This year's preregistration figure the day before the January 7 show opening was 5,180 (not including exhibitors), 14 percent lower than last year's Boston preregistration of 6,043; Denver drew 6,903 pre-registrants only a year earlier (L J)
The final numbers from the ALA office were.

7,549 Attendees
2,561 Exhibitors

The consensus was that the conference attendance was especially low because it was too close to the holidays, too far away from the rest of the US, and that travel budgets were too tight. However the ALA Executive Board White Paper on ALA Midwinter supports continuing it in the future.

There were approximately 1000 meetings at this year’s midwinter convention. Some of the hot topics were patron driven acquisitions, collaborative collection development, connecting with patrons through mobile devices, job inventories, discovery services, and the looming budget crises of 2012. The purchase of Ebrary by ProQuest was breaking news as the conference opened.

Patron driven acquisitions is still a hot topic, but opportunities to continue exercising selection expertise are still important. Bibliographic and collection development skills are still needed to vet PDA lists. PDA has been useful for departments that don’t spend all of their allocation. With more adjunct faculty there is less input from professors. Only 37% of faculty is tenured now.

There are problems with ILL and PDA in a networked catalogue environment. One solution is to mark PDA acquisitions as non-circulating and update their status later. UCLA has instituted a paper only PDA model by loading book records in their catalogue.

Selection skills are necessary to winnow PDA offerings. Duke cut Ebrary down to 23,000 books that they offered up for patron acquisition. Foreign publications and rare books still need selection skills. The library’s local depository is also an area for selection expertise. And in a reversal of roles selection is very important when it comes to de-selection, as many libraries are doing.

Libraries are comparing their holdings to Hathi Trust to see if there are archival copies in order to winnow their own collections.

The recent launch of Google ebooks has been deemed a flop. The 3 million titles are either in the public domain already or are older titles that have no demand. Sales are very low. I feel that this is a preview to problems that Google will have if they ever launch their larger Google Books Project. On top of these problems many prominent authors have withdrawn from the settlement. What remains unique in the database are orphan books which probably have little demand. Figures from the legal case have hinted at a $55,00.00 cost for initial hookup to the Google books database if it ever becomes available.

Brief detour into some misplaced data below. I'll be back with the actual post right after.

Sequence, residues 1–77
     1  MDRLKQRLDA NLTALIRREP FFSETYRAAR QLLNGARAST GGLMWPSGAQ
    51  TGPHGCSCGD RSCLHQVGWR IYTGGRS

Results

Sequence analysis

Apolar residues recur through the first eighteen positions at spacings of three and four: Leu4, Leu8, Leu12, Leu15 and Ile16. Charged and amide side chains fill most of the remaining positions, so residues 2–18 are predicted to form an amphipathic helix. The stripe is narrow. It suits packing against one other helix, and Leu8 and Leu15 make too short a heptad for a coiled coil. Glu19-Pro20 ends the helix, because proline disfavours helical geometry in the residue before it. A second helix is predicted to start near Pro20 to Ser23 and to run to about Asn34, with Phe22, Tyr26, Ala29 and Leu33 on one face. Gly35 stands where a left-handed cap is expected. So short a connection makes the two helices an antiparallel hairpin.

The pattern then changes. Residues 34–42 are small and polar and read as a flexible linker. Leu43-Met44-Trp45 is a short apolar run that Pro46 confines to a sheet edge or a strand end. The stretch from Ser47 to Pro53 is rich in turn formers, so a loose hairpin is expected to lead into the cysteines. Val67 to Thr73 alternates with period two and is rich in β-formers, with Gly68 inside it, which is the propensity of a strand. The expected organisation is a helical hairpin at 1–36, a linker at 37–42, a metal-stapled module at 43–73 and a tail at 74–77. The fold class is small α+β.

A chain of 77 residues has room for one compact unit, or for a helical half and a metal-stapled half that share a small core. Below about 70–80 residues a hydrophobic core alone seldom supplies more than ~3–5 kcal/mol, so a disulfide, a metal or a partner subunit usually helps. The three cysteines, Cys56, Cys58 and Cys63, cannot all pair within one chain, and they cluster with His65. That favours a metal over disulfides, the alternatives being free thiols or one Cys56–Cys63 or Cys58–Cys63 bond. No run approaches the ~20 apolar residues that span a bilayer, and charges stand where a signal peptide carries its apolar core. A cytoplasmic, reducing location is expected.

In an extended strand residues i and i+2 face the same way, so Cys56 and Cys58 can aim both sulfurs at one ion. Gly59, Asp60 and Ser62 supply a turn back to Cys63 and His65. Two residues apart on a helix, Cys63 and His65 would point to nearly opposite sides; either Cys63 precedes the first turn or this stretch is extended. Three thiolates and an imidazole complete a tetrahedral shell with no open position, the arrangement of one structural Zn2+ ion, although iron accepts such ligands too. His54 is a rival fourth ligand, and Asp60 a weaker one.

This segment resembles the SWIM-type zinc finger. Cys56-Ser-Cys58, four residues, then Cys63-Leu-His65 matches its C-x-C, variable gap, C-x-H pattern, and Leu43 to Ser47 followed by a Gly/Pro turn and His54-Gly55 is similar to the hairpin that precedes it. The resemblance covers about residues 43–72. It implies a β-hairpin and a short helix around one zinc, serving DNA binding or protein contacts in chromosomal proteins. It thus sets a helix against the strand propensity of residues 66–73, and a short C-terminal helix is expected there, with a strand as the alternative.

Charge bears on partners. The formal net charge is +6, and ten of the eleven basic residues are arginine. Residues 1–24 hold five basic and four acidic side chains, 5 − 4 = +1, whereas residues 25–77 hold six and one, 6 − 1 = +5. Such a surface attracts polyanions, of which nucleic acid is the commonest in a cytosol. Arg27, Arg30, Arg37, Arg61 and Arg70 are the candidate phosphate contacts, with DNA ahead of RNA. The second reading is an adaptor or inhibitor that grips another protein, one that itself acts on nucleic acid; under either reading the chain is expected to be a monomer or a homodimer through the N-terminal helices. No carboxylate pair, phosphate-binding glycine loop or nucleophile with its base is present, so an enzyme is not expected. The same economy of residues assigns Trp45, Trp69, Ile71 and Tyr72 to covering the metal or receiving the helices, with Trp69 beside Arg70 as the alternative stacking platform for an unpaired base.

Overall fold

There was a good amount of talk about the Espresso Book Machine, but sales for this device have not even reached 100 worldwide. Opinions about the machine tend to focus on its high cost and operating expense compared to simply using a well equipped print shop. With Xerox taking over the machine’s distribution there may be some improvement in the functioning of the machine and fewer breakdowns.

There was buzz about sharing collection development staff across institutions such as Cornell and Columbia are doing.

Lots of talk about single article purchase for journals. Opinion was that libraries would like to keep access to the articles they purchase rather than pursue a “one sip” model.

Word that many faculty are being required to teach at least one online class.
Swank, Corp. clears copyright for libraries about $100.00 per video title per semester.

Libraries are embedding access into Blackboard to try to be more pro-active. Also feeding current titles to students based on their majors.

Doing more with less: job inventories and re-allocation of responsibilities.
Amazon is republishing titles based on used book sales ranks.

Staying in touch with students through mobile devices was a popular subject. Librarians that offer this service say that students search databases and email articles to themselves for later reading. Sales of mobile devices will surpass pc’s by 2012. JSTOR, EBSCO, IEEE, ArtStor, Cambridge Journals and Pub Med are among databases offering mobile access.

The Harvard Law Library has developed a novel way to view books in their repository. They have created a virtual book shelf based on their catalogue and the books are color coded based on their circulation numbers so users can easily see the most popular books.

Tuesday, January 4, 2011

Busca at ALA Midwinter 2011

Three members of the BUSCA Team plan to be at the American Library Association's MidWinter Conference this week in San Diego, California. Some of us will be on the exhibit hall show floor, working at THE REFERENCE SHELF booth. Please look for John D. Riley, Loren P. Hirsch, and Michael D. Cooper. We will also be attending several meetings.